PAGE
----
ls -l /dev/random

      PRNGD: There is no pseudo-random device patch for Solaris versions prior to Solaris8, so a prng needs to be installed.

    To Build and install prngd; first download from  www.aet.tu-cottbus. de/personen/jaenicke/postfix_tls/prngd.html [This site was experiencing some problems when last tried on 11.Mar.02]

    cd prngd-0.9.22
    #Compile for Solaris 7/8:
    make CC=gcc CFLAGS="-O3 -DSOLARIS" SYSLIBS="-lsocket -lnsl"
    #Compile for Solaris 2.6:
    make CC=gcc CFLAGS="-O -DSOLARIS26" SYSLIBS="-lsocket -lnsl"

    #Install: [now su to root]
    cp prngd /usr/local/sbin/prngd
    chown root:bin /usr/local/sbin/prngd
    chmod 755 /usr/local/sbin/prngd
    cp contrib/Solaris-7/prngd.conf.solaris-7 /etc/prngd.conf
    cat /var/adm/messages > /etc/prngd-seed

    To compile SSH with PRNGD:
    cd openssh-3.7.1p1 
    ./configure --prefix=/opt/OBSDssh --with-pam --without-rsh --sysconfdir=/etc/ssh --with-pid-dir=/var/run --disable-suid-ssh --with-prngd-socket=/var/spool/prngd/pool --with-tcp-wrappers=../tcp_wrappers_7.6


    Patch are downloadable from 
    - Solaris 8 SPARC: 112438-01
    - Solaris 8 Intel 112439-01

    Important: Reboot after installing the patch, to create the device /dev/random.

  4. Build and install SSL:
    cd openssl-0.9.7a
    make clean
    ./Configure solaris-sparcv7-gcc 
    [now su to root]
    make install

  5. Build and install TCP wrappers
    cd tcp_wrappers_7.6
    make clean
    make REAL_DAEMON_DIR=/usr/sbin sunos5 CC=gcc
    [Note: We don't need to actually install the tcpd binaries for SSH compilation]
  6. Build and install OpenSSH.

    cd openssh-3.7.1p2

    Consider hiding the actual SSH version for key systems exposed to hostile networks: 
    vi version.h

    ./configure --prefix=/opt/OBSDssh --with-pam --without-rsh \
    --sysconfdir=/etc/ssh --with-pid-dir=/var/run --disable-suid-ssh \
    --with-tcp-wrappers=../tcp_wrappers_7.6 --without-rand-helper --with-ssl-dir=/usr/local/ssl 



  7. Create a Solaris package
    Note: There is a script to build a Solaris package: ./contrib/solaris/ included in the distribution, but it didn't work at all for v3.3. Hence we continue to use the script from Sun, adapted to our needs.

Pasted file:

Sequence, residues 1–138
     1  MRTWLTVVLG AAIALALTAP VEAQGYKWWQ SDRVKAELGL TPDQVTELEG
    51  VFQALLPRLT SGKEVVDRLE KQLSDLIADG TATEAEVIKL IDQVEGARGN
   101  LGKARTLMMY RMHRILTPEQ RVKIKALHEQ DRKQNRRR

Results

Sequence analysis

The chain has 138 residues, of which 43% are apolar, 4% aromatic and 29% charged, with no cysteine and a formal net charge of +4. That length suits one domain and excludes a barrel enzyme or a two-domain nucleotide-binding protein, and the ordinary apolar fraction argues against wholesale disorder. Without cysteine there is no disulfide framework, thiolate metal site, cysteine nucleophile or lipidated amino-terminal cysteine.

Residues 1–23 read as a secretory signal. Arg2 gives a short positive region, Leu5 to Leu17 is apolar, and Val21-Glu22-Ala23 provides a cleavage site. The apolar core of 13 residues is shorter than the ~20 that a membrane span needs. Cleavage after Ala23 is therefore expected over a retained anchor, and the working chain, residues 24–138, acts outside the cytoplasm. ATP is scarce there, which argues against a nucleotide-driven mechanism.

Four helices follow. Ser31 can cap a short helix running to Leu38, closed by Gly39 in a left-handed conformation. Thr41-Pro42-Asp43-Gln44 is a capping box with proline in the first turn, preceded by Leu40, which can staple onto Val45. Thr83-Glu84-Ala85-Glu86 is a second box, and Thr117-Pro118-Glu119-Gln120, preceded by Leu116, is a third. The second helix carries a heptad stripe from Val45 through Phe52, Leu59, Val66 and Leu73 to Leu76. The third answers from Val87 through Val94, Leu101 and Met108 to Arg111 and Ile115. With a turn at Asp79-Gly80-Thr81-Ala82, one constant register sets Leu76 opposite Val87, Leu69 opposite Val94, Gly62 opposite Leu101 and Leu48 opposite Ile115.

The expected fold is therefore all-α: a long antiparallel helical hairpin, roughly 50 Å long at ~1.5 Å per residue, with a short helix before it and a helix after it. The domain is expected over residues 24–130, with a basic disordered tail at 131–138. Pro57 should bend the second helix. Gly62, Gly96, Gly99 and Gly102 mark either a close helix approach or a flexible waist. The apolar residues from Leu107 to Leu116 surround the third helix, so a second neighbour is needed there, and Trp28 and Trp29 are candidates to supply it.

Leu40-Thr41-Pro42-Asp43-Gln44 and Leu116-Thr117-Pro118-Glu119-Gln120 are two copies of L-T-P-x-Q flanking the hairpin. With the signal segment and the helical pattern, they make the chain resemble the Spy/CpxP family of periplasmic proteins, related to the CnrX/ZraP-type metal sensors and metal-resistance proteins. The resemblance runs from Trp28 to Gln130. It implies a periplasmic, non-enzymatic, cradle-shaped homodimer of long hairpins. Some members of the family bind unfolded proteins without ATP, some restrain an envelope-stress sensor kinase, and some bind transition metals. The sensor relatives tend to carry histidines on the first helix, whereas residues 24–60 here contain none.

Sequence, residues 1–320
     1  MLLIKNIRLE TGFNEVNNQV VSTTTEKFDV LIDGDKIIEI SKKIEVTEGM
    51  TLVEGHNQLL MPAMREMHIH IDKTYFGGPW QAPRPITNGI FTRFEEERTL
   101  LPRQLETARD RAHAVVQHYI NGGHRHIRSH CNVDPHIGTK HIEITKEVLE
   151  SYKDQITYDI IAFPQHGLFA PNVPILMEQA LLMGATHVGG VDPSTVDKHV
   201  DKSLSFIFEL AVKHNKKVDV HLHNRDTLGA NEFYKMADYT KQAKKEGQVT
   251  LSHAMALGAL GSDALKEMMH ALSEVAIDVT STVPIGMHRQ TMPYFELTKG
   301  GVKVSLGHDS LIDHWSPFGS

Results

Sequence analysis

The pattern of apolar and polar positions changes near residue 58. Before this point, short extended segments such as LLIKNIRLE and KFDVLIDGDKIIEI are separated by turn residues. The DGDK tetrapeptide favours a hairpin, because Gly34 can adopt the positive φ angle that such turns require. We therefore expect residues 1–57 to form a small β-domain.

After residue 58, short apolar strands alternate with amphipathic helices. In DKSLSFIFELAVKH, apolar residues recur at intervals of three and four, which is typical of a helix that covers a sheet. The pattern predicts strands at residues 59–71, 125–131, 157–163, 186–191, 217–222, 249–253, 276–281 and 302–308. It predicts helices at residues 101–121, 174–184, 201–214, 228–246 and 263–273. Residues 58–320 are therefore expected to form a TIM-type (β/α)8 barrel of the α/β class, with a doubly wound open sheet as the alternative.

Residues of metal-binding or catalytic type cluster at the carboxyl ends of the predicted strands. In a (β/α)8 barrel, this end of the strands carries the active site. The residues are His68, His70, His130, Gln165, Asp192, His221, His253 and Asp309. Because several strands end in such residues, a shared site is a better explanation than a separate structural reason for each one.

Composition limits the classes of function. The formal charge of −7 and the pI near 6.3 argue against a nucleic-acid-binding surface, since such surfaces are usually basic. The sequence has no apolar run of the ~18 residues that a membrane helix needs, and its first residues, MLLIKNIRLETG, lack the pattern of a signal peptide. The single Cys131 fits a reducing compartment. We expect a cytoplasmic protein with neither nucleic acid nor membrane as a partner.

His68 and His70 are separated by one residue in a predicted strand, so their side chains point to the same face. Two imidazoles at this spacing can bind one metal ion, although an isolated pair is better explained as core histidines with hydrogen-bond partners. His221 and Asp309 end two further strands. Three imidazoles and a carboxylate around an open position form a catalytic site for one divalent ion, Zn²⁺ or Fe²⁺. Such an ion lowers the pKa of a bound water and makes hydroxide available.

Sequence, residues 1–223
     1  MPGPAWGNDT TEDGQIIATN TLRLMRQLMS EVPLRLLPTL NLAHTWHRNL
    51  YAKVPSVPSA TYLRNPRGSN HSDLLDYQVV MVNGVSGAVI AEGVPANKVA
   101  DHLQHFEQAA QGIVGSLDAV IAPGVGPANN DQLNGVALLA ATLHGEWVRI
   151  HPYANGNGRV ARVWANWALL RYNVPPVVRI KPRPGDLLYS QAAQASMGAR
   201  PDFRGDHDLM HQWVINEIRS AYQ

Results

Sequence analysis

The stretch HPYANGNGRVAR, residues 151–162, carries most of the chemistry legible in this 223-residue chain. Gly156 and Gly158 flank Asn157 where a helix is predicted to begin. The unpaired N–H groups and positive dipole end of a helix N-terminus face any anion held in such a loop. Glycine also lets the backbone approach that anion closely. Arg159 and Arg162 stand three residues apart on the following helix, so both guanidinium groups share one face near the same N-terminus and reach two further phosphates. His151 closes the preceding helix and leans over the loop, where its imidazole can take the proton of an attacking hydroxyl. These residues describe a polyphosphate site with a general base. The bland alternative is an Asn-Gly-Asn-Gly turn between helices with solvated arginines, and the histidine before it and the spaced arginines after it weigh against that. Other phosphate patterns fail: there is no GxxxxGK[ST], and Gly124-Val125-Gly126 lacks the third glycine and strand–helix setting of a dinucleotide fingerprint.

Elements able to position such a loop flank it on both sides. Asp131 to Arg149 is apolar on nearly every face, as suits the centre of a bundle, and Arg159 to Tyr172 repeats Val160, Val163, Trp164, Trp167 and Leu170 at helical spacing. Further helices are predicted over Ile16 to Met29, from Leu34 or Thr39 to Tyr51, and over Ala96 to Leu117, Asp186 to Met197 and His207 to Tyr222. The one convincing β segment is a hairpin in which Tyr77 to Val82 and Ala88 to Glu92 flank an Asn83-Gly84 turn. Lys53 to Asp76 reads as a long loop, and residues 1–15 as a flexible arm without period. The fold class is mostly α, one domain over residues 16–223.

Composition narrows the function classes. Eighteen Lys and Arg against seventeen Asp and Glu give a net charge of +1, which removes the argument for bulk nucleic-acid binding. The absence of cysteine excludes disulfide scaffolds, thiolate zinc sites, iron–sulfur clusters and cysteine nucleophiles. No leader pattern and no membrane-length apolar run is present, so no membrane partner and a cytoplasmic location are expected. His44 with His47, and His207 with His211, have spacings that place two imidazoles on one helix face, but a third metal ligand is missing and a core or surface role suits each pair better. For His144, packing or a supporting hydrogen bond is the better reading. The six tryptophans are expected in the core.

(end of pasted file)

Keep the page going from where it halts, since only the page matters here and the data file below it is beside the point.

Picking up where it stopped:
a) Copy Jass scripts
    cd OpenSSH_tools

    b) Tune package settings:
    cd openssh-3.7.1p2
    vi makeOpenSSHPackage.ksh

    Adapt the script to your taste, e.g. see makeOpenSSHPackage.ksh which includes the following changes:
    - installSSHSUID=no  [yes - if you'll need host-based trusts]
    - change configDir=/etc to configDir=/etc/ssh
    - change "primes" to "moduli" in the line:  "for file in moduli ssh_prng_cmds; do"
    - change to install man pages in /usr/local instead of /opt
    - install tcp wrapper man pages

    cp sshd_config.out sshd_config.out.orig
    vi sshd_config.out 
              [adapt the default config to your taste, e.g. see our sshd_config.out]

    c) Make the package
    cp sshd_config.out makeOpenSSHPackage.ksh openssh.server openssh-3.7.1p2/
    cd openssh-3.7.1p2

    d) Examine the package description:
    pkginfo -l -d OBSDssh.pkg

    f) Rename the package to include architecture & version (This format is also suitable for Jass+Jumpstart installations):
    mv OBSDssh.pkg ../OBSDssh-3.7.1p2-`uname -p`-`uname -m`-`uname -r`.pkg

  8. Testing
  9. Upgrade notes: If you are upgrading, think carefully about the steps involved. Some examples are documented  [10] in the following text files:

    upgrade_checklist_371p2.txt   v3.7.1p1 => 3.7.1p2
    upgrade_checklist_371.txt   v3.4 => 3.7.1p1
    upgrade_checklist_34.txt      v3.1 => v3.4  
    upgrade_checklist_31.txt     v3.0.2p2 => v3.1
    upgrade_checklist_3.txt        v2.9 to v3.0.2